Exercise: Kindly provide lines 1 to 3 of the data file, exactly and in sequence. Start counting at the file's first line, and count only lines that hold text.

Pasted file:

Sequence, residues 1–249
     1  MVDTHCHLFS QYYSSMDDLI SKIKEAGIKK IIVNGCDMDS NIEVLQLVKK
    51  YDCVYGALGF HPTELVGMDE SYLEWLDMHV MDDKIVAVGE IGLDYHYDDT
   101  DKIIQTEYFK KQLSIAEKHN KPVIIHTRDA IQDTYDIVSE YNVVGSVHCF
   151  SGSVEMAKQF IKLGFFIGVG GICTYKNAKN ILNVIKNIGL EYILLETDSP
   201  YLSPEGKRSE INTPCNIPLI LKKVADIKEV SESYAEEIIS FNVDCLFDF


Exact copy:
Sequence, residues 1–249
     1  MVDTHCHLFS QYYSSMDDLI SKIKEAGIKK IIVNGCDMDS NIEVLQLVKK
    51  YDCVYGALGF HPTELVGMDE SYLEWLDMHV MDDKIVAVGE IGLDYHYDDT